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Photo by Wes Hicks on Unsplash

Linda, in her late 50s, faced a steep learning curve when her job required her to learn spreadsheet software. She balked. Her evaluations began heading south.

Linda kept fighting the system until she turned 60, when she accepted early retirement.

Linda’s boss undoubtedly jumped to the assumption, “Older people resist learning.”

But Linda’s friend gave me a clue. “They didn’t offer her classes!” she said. “They just insisted she learn on her own.”

If Linda had been more aware of her learning style, she would have realized what was going on. She could have enrolled in a class on her own to learn what she needed. She could have looked online.

She could go further, choosing a class based on whether she wanted hands-on practice during the course (something I would want) or if she’s the type of learner who moves easily from observation to practice on her own.

Linda was also demonstrating a cohort effect, although she’d probably never heard the term.

Not so long ago, when you wanted to learn how something worked, you consulted a manual. You could call customer service and get one-to-one help.

When I set up my first online shopping cart as recently as 2002, I phoned the company. A tech rep courteously walked me through the set-up in minutes. Now, just a few years later, the company charges exorbitantly for telephone support. Independent consultants charge upwards of $400 to give clients what the tech gave me for free.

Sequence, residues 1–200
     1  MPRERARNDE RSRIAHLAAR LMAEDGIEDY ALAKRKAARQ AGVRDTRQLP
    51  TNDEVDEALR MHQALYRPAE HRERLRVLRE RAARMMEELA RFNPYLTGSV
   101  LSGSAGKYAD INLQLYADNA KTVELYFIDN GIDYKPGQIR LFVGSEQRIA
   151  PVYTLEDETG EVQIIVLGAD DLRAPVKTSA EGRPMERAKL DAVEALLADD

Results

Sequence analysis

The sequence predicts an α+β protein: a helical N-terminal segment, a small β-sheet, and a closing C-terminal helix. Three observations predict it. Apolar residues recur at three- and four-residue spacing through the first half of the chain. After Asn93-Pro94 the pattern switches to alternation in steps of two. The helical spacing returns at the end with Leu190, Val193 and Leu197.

Today’s generation resists formal training and manuals. They learn dynamically, searching online for exactly what they need to know. They watch videos. They take classes.

This style of dynamic learning has become more than a preferred learning style. It’s a necessity because formal training often becomes obsolete very quickly.

Back in the year 2000, I took a course in HTML – the language used to code websites – at a community college in Florida. Most of that training became outdated after less than ten years.

Now, when I need to code something, I do an online search for, “How to do X in HTML/CSS.” I know enough to interpret the code and adapt. And I do the same for Photoshop and other software.

The Internet world has changed even more dramatically since I drove to that evening class in Fort Lauderdale. Today I rarely use HTML because I use WordPress and other software. I never use Photosho. I use Canva, an online free program that lets me create images quickly with almost no learning curve. And I never paid a dime to learn it.

Bottom Line

You hear people complain, “Old people don’t learn.” That often means, “The previous generation doesn’t learn the same way.”

Today’s computer-literate people learn by grazing. They search the Internet when they can’t find easy answers. They ask friends for recommendations, often in open forums.

Older people grew up with manuals, usually paper manuals they could keep. I still remember the first time someone said to me, “There’s no manual for this.”

You can sometimes take classes when you’re learning something new. But most of us have so much software out there, we’re constantly learning…by trial and error, by calling the help desk, or by watching a video when we hit a snag. The software changes too fast for manuals anyway.

It can be annoying. It can be frustrating. It can be a reason so many people have high blood pressure.

But it’s not “because they’re old.” No way,